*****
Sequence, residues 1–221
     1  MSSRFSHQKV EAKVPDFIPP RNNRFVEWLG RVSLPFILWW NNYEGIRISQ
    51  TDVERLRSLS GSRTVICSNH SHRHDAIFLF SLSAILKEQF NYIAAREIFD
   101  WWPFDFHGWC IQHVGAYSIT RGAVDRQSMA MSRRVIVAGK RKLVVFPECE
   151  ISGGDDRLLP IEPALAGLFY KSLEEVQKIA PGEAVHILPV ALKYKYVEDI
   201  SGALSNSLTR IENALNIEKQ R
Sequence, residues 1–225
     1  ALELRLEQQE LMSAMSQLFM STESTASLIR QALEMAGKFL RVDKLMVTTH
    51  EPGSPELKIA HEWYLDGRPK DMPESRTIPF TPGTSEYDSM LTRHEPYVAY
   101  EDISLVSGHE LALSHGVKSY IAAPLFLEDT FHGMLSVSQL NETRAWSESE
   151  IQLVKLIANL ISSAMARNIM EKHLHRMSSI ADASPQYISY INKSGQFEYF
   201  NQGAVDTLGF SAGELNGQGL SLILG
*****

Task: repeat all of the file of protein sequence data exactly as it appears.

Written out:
Sequence, residues 1–221
     1  MSSRFSHQKV EAKVPDFIPP RNNRFVEWLG RVSLPFILWW NNYEGIRISQ
    51  TDVERLRSLS GSRTVICSNH SHRHDAIFLF SLSAILKEQF NYIAAREIFD
   101  WWPFDFHGWC IQHVGAYSIT RGAVDRQSMA MSRRVIVAGK RKLVVFPECE
   151  ISGGDDRLLP IEPALAGLFY KSLEEVQKIA PGEAVHILPV ALKYKYVEDI
   201  SGALSNSLTR IENALNIEKQ R
Sequence, residues 1–225
     1  ALELRLEQQE LMSAMSQLFM STESTASLIR QALEMAGKFL RVDKLMVTTH
    51  EPGSPELKIA HEWYLDGRPK DMPESRTIPF TPGTSEYDSM LTRHEPYVAY
   101  EDISLVSGHE LALSHGVKSY IAAPLFLEDT FHGMLSVSQL NETRAWSESE
   151  IQLVKLIANL ISSAMARNIM EKHLHRMSSI ADASPQYISY INKSGQFEYF
   201  NQGAVDTLGF SAGELNGQGL SLILG